Recovery from workplace injuries often involves the use of medication to manage the pain. This is as it should be, in a healthcare system that is equipped to minimize the suffering of injured workers.
Recently, however, there has been considerable concern about the overuse of powerful narcotic painkillers to treat people hurt on the job. The costs and consequences of such of these drugs are therefore an important issue in many Maryland workers' compensation cases.
A research group funded by workers' compensation insurers says in a report that doctors too often prescribe Oxycontin, Vicodin or other powerful painkillers fail without following up properly on how such drugs affect patients.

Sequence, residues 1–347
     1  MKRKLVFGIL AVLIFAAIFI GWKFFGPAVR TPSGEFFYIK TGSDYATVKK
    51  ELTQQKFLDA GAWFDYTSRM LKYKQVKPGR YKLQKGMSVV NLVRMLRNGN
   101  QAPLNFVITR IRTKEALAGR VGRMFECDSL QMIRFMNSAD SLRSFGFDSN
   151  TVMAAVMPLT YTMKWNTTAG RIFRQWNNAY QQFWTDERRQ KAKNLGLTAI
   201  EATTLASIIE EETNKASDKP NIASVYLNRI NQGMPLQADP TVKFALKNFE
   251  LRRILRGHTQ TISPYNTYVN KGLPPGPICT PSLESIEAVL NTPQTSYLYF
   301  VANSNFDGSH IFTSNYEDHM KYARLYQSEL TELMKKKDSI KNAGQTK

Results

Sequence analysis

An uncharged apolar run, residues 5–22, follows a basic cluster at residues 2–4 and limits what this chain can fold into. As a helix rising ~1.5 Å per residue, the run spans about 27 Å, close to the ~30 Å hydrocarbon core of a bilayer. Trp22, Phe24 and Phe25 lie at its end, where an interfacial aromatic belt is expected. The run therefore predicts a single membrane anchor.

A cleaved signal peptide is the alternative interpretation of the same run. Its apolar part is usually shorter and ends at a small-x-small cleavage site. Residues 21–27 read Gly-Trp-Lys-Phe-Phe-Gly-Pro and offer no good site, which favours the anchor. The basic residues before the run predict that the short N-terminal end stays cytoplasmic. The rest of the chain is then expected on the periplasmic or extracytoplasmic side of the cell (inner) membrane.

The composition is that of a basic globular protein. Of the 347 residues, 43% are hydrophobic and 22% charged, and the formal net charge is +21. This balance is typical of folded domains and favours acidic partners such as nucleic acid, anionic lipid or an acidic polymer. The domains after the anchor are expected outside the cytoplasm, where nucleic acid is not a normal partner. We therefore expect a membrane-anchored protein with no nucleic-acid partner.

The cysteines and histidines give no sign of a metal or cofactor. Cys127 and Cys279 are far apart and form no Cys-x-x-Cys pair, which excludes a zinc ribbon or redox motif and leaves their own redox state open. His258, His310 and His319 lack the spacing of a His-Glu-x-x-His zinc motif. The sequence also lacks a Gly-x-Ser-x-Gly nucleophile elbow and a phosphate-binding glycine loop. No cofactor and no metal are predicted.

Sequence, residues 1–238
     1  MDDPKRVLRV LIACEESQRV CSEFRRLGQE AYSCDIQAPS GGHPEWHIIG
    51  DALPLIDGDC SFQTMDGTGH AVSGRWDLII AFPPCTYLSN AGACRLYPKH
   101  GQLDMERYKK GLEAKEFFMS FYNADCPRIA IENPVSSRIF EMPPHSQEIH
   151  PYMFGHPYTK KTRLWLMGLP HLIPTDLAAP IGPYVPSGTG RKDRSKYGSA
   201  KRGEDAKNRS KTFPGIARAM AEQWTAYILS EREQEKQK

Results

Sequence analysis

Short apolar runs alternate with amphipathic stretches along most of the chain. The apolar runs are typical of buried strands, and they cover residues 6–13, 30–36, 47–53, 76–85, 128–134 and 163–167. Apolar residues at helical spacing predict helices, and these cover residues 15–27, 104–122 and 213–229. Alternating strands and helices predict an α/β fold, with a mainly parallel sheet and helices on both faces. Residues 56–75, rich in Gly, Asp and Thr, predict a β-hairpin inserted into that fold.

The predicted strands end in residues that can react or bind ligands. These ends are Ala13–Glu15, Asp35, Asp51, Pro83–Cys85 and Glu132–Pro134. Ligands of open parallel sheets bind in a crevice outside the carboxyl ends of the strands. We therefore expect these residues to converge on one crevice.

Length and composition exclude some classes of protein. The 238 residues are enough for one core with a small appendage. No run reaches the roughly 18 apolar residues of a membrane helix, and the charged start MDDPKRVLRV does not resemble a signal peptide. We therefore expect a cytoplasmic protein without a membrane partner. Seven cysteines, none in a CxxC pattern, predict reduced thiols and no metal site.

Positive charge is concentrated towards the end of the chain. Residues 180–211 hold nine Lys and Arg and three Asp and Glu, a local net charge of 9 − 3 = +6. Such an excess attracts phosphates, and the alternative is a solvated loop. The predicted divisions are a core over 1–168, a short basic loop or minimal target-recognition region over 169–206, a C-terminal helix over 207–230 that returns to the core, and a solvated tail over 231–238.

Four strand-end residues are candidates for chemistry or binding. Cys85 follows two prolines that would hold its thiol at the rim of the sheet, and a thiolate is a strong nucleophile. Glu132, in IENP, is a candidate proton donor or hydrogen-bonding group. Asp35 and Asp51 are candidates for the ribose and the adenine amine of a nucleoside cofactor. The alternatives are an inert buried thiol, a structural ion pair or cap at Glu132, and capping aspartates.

The report was issued by the Workers' Compensation Research Institute (WCRI). The report is called "Longer-Term Use of Opioids." The WCRI says it was based on a study of 300,000 work comp claims involving a total of 1.1 million prescriptions.
According to the report, one of every 12 injured workers to whom narcotic painkillers are prescribed is still using them three to six months later. In healthcare terms, the concern is about the potential for addiction in such cases - especially when doctors fail to follow guidelines for monitoring the effects of the drugs they prescribe.
This legitimate concern should not, however, prevent the use of painkillers in appropriate cases to help injured workers manage their pain. As much as the WCRI wants to keep costs down, it's also important that workers get good healthcare. For all their risks, painkillers can be a useful part of that care in appropriate cases.
Source: "Study: Physicians Not Following Guidelines on Painkiller Prescriptions," CBS Connecticut, 10-4-12